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ProJo: Bustling recreational destination planned for vacant Shooters site in Providence

Former “Shooters” Building in 2010

Seven years after Rhode Island voters approved buying the former Shooters nightclub site on the Providence waterfront to turn it into a recreational destination, plans to redevelop the vacant lot may finally be inching forward.

The state Department of Environmental Management wants to build a fishing pier, transient boating marina and ferry dock at the site, which the agency purchased for $3.2 million with the proceeds of a 2010 state bond.

The details and budget for these shoreline projects are still being worked out, but DEM Director Janet Coit said Thursday that preliminary plans show a 200-plus-foot, L-shaped fishing pier that could accommodate the Providence-Newport ferry, boat slips and dinghy storage.

Advocates for developing the site hope that finishing plans for the marina will allow action to kick into gear on the long-languishing 1.4-acre land side of the property.

David Dadekian, founder of Eat Drink Rhode Island, hopes to build a public food market on the site, but has so far made only minimal progress and said he needs the state to finish its plans for the entire property before he can seek financing.

This has great potential to be a wonderful attraction for residents and visitors alike. Our options to enjoy the waterfront are sadly limited, and active uses of the waterfront are needed. As lovely as India Point Park is, people want things to do, like eating and drinking.

To truly succeed, the City and State have to commit to maintaing the waterfront. The walk under the highway is a trash strewn and weed overgrown shamehole that no one wants to visit, that needs to change. Also, the Wickenden/Point, South Main, South Water interchange was poorly designed and throws up another barrier to pedestrians and cyclists who want to reach the waterfront. The completion of the Providence River Pedestrian bridge will provide a much needed connection between downtown and the Fox Point waterfront, it needs to be maintained and be safe and attractive.

The maintenance part is where we so often lose the plot around here.

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News & Notes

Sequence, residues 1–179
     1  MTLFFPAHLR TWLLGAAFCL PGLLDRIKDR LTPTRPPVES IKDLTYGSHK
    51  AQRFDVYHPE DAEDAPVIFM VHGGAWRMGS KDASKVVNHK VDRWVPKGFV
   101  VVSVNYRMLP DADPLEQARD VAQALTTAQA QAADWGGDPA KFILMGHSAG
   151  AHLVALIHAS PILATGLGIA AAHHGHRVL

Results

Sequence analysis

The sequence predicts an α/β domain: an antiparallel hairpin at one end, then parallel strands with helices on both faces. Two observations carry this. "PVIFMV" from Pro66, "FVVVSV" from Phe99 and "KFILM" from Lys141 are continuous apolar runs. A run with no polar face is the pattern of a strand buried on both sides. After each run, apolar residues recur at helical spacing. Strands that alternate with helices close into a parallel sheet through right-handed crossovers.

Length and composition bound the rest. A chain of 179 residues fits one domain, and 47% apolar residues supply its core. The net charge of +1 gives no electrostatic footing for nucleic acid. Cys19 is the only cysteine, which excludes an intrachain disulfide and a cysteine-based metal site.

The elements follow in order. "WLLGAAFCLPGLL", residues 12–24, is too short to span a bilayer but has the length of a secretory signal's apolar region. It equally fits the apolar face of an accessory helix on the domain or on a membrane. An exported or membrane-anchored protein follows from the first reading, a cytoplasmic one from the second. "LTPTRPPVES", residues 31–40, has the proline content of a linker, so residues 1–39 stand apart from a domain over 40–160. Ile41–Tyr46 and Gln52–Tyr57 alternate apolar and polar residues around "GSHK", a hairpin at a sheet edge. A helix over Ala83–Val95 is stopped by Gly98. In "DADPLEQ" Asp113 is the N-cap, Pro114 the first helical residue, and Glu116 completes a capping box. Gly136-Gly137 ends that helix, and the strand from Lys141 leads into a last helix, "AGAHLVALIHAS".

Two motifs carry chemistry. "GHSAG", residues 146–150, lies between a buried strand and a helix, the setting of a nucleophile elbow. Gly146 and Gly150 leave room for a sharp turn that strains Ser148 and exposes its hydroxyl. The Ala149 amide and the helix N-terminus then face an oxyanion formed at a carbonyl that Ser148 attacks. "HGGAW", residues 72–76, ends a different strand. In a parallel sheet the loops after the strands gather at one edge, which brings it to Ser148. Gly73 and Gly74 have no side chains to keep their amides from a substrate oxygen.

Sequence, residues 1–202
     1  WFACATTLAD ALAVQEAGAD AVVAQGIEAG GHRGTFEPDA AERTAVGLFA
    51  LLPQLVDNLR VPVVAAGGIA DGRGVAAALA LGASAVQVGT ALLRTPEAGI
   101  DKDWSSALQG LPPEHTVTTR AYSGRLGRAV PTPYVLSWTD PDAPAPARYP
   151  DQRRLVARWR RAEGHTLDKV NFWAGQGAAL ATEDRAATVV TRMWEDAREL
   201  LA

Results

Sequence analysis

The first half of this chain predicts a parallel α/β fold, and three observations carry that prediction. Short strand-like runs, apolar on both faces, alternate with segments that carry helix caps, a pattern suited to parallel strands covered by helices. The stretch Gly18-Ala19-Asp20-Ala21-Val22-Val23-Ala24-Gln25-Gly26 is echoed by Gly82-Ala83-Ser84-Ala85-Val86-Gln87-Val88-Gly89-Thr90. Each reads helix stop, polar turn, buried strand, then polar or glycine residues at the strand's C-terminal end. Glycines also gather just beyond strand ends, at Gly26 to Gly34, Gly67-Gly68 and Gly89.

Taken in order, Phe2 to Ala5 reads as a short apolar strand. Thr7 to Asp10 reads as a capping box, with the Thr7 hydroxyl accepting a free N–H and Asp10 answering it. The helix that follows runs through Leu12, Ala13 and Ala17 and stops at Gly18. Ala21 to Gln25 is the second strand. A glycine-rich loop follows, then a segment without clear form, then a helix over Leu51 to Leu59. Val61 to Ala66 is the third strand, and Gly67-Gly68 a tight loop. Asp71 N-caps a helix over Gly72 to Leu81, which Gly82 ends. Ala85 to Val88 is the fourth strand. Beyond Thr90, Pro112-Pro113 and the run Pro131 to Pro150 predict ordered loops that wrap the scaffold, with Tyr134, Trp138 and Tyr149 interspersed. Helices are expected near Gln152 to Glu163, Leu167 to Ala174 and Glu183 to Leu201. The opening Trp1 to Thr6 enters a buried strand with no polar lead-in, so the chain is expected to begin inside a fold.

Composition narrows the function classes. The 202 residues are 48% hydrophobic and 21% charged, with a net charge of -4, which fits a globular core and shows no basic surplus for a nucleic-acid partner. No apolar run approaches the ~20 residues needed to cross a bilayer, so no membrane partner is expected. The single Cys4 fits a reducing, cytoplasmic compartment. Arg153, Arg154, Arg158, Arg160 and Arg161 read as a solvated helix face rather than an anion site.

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President Obama announced his budget on Monday including a $478-billion six-year plan for transportation spending.

Streetsblog USA: Obama’s New Transportation Budget: The Good, the Bad, and the Ugly

Today President Obama unveiled his opening bid in this process. The $478-billion, six-year plan from the White House includes many of the proposals the administration unveiled last year. Congress didn’t advance those ideas then, and with the GOP now controlling both houses, chances remain slim for reforming highway-centric federal transportation policy.

But the White House budget document remains the best summary of the Obama team’s transportation policy agenda. The ideas are intriguing even if they’re politically improbable.

Also on Streetsblog, they picked up our story about the death of Karen McHugh.

Scientific American: U.S. Cities Lag in Race against Rising Seas

In just a few decades, most U.S. coastal regions are likely to experience at least 30 days of nuisance flooding every year.

Washington, D.C.; Annapolis, Md.; and Wilmington, N.C., are already in trouble. By 2020, seven more cities, including Baltimore and Atlantic City, N.J., can add themselves to the list. And within the next 35 years, most cities along all coasts will be dealing with routine flooding.

Some cities, such as New York, are bolstering their shorelines in response to extreme events, such as Superstorm Sandy. But with more than half the U.S. population living within 50 miles of the coast, many areas are just at the beginning stages of preparing to deal with rising sea levels and the increased flooding they bring.

Where will we build the next hurricane barrier?


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